Peter G Gibson

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Asthma is a serious health problem throughout the world. During the past two decades, many scientific advances have improved our understanding of asthma and ability to manage and control it effectively. However, recommendations for asthma care need to be adapted to local conditions, resources and services. Since it was formed in 1993, the Global Initiative(More)
BACKGROUND The assessment of asthma control is pivotal to the evaluation of treatment response in individuals and in clinical trials. Previously, asthma control, severity, and exacerbations were defined and assessed in many different ways. PURPOSE The Task Force was established to provide recommendations about standardization of outcomes relating to(More)
Severe or therapy-resistant asthma is increasingly recognised as a major unmet need. A Task Force, supported by the European Respiratory Society and American Thoracic Society, reviewed the definition and provided recommendations and guidelines on the evaluation and treatment of severe asthma in children and adults. A literature review was performed,(More)
BACKGROUND Airway inflammation is considered to be important in asthma but is relatively inaccessible to study. Less invasive methods of obtaining sputum from patients unable to produce it spontaneously should provide a useful investigational tool in asthma. METHODS A method to induce sputum with inhaled hypertonic saline was modified for use in 17(More)
BACKGROUND A key component of many asthma management guidelines is the recommendation for patient education and regular medical review. A number of controlled trials have been conducted to measure the effectiveness of asthma education programmes. These programmes improve patient knowledge, but their impact on health outcomes is less well established. This(More)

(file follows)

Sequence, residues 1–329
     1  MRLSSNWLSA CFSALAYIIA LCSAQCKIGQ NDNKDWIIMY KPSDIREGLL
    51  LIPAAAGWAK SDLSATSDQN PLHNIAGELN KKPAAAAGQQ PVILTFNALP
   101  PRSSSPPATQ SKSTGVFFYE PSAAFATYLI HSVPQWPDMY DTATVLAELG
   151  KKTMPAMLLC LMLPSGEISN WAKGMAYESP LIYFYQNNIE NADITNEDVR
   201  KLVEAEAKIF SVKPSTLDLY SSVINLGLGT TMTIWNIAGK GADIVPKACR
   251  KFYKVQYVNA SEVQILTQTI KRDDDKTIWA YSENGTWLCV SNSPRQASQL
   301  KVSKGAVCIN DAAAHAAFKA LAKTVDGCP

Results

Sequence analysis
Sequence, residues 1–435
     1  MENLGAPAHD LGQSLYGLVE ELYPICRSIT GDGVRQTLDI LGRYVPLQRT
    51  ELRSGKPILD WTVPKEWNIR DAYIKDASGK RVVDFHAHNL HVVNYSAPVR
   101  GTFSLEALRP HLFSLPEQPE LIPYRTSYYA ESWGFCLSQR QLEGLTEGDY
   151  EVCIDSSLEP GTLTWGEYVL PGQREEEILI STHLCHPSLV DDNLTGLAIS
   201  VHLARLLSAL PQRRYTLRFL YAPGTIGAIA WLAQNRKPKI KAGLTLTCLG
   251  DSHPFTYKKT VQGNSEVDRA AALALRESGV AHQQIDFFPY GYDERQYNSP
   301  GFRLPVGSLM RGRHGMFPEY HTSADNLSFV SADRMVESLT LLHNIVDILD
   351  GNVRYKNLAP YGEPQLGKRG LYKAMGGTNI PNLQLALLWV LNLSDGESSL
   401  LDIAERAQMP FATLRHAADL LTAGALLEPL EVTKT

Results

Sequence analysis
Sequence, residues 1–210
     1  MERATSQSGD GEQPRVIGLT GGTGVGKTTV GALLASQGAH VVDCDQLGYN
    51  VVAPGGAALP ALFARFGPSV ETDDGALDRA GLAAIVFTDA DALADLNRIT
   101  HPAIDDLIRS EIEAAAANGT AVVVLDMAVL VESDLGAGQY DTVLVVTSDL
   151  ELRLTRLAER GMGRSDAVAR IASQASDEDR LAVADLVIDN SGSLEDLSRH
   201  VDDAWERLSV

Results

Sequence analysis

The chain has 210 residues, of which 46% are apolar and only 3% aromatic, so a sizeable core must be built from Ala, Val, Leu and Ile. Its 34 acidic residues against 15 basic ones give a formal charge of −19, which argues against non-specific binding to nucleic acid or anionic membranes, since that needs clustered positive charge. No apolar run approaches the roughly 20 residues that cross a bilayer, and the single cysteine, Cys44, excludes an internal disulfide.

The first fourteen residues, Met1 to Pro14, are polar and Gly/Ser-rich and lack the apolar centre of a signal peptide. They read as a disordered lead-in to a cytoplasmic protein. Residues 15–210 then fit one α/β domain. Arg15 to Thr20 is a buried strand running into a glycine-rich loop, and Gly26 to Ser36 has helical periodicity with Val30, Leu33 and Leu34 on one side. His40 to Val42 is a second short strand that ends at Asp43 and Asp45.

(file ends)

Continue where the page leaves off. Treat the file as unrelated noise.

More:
There is a need to re-evaluate the concept of asthma and chronic obstructive pulmonary disease (COPD) as separate conditions, and to consider situations when they may coexist, or when one condition may evolve into the other. Epidemiological studies show that in older people with obstructive airway disease, as many as half or more may have overlapping(More)
The upregulation of nitric oxide (NO) by inflammatory cytokines and mediators in central and peripheral airway sites can be monitored easily in exhaled air. It is now possible to estimate the predominant site of increased fraction of exhaled NO (FeNO) and its potential pathologic and physiologic role in various pulmonary diseases. In asthma, increased FeNO(More)
Sputum cell-counts were studied in 7 non-smokers with corticosteroid-responsive chronic cough productive of sputum and 8 smokers with a clinical diagnosis of chronic bronchitis, all of whom had normal lung function tests and methacholine airway responsiveness, and in 10 non-smokers with asthma, examined during an exacerbation. Sputum from asthmatic patients(More)
OBJECTIVE The authors sought to investigate the detection of non-eosinophilic asthma using induced sputum. Although this is an important subtype of clinical asthma, its recognition is not standardized. METHODS Adult non-smokers with asthma and healthy controls underwent sputum induction and hypertonic saline challenge. Non-eosinophilic asthma was defined(More)
BACKGROUND Rhinovirus-induced acute asthma is the most frequent trigger for asthma exacerbations. OBJECTIVE We assessed which inflammatory mediators were released from bronchial epithelial cells (BECs) after infection with rhinovirus and then determined whether they were also present in subjects with acute virus-induced asthma, with the aim to identify a(More)